Spatial patterns of pulmonary tuberculosis incidence and their relationship to socio-economic status in Vitoria, Brazil.
To investigate spatial patterns of the incidence of pulmonary tuberculosis (TB) and its relationship with socio-economic status in Vitoria, Espirito Santo, Brazil.
In a 4-year, retrospective, territory-based surveillance study of all new pulmonary TB cases conducted in Vitoria between 2002 and 2006, spatial patterns of disease incidence were compared using spatial clustering statistics (Anselin's local indicators of spatial association [LISA] and Getis-Ord Gi* statistics), smoothed empirical Bayes estimates and model-predicted incidence rates. Spatial Poisson models were fit to examine the relationship between socio-economic status and TB incidence.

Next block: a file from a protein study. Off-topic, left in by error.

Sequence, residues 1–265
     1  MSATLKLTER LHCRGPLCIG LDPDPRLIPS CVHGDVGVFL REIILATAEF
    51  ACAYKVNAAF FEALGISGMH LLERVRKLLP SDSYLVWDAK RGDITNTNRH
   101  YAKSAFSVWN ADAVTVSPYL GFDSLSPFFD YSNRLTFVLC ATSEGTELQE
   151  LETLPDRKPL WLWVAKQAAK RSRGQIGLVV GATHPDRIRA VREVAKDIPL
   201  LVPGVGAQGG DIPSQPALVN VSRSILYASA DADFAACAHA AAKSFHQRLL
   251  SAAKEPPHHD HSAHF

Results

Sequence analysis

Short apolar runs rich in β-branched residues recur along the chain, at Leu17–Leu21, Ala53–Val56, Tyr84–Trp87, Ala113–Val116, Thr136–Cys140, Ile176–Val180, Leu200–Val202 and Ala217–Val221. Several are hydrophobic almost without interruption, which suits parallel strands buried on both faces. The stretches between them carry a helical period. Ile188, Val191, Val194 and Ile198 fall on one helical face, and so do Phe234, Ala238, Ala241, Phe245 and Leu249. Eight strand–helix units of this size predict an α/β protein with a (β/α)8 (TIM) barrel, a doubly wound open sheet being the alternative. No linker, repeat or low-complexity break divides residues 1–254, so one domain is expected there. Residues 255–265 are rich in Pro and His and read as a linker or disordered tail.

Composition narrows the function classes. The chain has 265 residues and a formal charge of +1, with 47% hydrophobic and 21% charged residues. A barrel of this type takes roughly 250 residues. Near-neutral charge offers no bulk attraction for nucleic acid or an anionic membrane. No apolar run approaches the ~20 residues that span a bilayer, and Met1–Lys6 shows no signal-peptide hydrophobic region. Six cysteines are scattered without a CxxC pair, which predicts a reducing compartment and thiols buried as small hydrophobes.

A total of 651 TB cases were reported across 78 neighborhoods, with rates ranging from 0 to 129 cases per 100,000 population. Moran's I indicated strong spatial autocorrelation among incidence rates (0.399, P < 0.0001), and four areas of high incidence were identified by LISA and Gi* statistics. Smoothed spatial empirical Bayes estimates demonstrate that two of these areas range from 70 to 90 cases/100,000, while the other two range from 40 to 70 cases/100,000. TB incidence and socio-economic status had a significant curvilinear relationship (P = 0.02).
Data derived from these spatial statistical tools will help TB control programs to allocate TB resources to those populations most at risk of increasing TB rates and to target areas where TB control efforts need to be concentrated.
Maciel, ELN; Pan, W; Dietze, R; Peres, RL; Vinhas, SA; Ribeiro, FK; Palaci, M; Rodrigues, RR; Zandonade, E; Golub, JE
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